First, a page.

“He painted a masterpiece inside his mind. The right colors for moments he tried to find, but daubed summits too dim.”
The opening lines of narration for the teaser trailer of Derrick Lytle’s newly released short film “Attrition: A Trail Running Film” are coupled with distinctively southwestern scenes — from a time-lapse of the Milky Way behind Delicate Arch in Utah, to a trail runner navigating by headlamp at the blue hour on saguaro-lined singletrack.
The trailer’s poetic montage of color, sound, and of course, trail running, hints at a documentary that takes a creative and nontraditional look at the sport — and the passage of life. It also promises to deliver some stunning visuals, filmed on the ground with a RED camera and in the air via drone.
When iRunFar interviewed Lytle in July of this year following the release of his film “The Hardrock 100 Endurance Run in Slow Motion,” Lytle mentioned he had another self-funded trail running film in the works. “It’s a running film, but it’s also very metaphorical. [I’m hoping] to push boundaries and the creative side of media in trail running,” Lytle told us.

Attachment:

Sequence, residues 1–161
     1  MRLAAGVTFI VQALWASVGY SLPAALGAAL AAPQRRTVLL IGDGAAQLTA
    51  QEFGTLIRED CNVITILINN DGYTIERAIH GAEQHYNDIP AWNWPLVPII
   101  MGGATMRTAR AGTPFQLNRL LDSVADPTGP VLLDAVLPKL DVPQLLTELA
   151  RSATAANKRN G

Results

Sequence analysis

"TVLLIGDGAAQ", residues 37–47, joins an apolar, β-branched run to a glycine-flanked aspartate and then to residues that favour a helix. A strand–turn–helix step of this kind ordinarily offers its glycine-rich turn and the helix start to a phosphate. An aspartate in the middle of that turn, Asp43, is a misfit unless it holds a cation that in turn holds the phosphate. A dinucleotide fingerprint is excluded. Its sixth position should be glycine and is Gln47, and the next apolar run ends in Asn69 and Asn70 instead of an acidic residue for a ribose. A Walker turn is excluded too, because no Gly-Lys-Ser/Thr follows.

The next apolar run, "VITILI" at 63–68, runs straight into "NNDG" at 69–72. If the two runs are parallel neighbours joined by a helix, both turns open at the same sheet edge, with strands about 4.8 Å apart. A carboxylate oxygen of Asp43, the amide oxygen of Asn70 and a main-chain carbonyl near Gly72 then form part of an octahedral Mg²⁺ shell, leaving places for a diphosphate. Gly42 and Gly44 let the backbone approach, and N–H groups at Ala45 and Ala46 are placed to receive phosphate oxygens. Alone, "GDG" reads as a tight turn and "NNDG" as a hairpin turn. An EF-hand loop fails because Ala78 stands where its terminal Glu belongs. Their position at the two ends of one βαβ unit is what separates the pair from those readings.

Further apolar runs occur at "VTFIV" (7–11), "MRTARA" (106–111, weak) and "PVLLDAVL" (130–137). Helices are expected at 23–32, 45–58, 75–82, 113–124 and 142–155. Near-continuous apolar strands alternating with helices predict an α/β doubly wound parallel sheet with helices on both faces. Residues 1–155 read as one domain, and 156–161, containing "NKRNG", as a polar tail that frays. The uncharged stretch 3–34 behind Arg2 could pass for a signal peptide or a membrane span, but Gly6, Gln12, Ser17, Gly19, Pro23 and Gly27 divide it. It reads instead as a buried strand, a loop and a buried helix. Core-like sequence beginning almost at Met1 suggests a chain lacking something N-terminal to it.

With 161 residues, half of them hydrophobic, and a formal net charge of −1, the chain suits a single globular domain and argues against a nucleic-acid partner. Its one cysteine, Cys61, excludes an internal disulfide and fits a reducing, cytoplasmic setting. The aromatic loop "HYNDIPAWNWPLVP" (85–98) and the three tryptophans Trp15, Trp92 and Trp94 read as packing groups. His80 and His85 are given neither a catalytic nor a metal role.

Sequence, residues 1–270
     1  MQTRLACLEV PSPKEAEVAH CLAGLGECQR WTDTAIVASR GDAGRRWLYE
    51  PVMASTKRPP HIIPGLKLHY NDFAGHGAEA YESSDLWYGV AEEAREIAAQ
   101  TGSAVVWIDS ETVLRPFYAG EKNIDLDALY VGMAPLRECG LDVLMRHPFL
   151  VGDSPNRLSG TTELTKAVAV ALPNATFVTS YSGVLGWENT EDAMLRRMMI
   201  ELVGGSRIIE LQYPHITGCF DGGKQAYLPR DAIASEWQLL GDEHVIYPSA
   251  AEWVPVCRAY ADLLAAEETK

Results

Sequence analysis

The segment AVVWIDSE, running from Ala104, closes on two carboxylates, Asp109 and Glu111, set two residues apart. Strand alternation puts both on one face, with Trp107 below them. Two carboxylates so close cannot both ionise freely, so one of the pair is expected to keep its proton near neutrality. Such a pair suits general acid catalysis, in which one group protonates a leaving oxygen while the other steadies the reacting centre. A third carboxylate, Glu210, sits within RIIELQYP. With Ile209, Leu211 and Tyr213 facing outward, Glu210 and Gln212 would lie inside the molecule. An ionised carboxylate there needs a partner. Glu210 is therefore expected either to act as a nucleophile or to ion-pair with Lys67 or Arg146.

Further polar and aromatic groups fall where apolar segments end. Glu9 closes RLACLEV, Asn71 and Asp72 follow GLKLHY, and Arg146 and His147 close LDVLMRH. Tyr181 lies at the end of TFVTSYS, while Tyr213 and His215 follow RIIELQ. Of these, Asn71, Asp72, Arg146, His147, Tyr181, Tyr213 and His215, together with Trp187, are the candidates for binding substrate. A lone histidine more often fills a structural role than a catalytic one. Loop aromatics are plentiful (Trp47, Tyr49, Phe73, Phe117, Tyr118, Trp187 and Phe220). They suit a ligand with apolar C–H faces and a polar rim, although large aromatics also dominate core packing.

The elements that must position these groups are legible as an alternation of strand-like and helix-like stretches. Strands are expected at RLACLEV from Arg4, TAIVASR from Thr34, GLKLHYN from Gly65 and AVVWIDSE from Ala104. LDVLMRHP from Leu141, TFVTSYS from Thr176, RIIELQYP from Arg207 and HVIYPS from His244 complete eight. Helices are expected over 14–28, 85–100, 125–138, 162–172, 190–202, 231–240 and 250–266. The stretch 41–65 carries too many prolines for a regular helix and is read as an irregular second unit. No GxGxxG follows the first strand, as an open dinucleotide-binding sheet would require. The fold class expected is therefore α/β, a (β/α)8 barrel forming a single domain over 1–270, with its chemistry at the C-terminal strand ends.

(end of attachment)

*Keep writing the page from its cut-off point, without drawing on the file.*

“Attrition: A Trail Running Film” officially came out on November 2. Lytle billed the short composition as a film about running through the stages of life. Filming took place over a year in various locations around Nevada, Utah, California, Arizona, and Colorado. It features athletes including Levi Hawks, Cody Reed, Drew Frehs, Jake Jackson, Jimmy Elam, Kyle Curtin, Charlie Ware, Michael McKnight, Nicole Bitter, Zach Bitter, and iRunFar’s own Meghan Hicks, as well as the words of athlete and poet Jennilyn Tockstein.
The American Southwest isn’t necessarily new territory for Lytle. The avid runner co-founded and now runs The Juniper Lab, an independent film agency that focuses on stories about adventure, nature, and politics in the southwestern United States.
Lytle, who started trail running in Utah and Arizona, has expressed interest in creating more environmentally and politically geared stories through the lens of trail running. “Attrition” seems to follow that course.